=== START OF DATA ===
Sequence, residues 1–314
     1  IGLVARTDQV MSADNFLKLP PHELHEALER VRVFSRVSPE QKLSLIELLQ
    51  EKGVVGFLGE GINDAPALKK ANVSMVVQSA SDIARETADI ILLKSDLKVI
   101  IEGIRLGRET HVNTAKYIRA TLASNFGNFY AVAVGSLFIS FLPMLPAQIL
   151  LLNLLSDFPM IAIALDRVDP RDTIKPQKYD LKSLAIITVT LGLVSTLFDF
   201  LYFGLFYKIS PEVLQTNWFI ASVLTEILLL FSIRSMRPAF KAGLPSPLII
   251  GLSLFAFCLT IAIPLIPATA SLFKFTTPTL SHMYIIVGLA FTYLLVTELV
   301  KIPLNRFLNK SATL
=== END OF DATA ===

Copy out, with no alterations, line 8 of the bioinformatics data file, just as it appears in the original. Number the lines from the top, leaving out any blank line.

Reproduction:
   301  KIPLNRFLNK SATL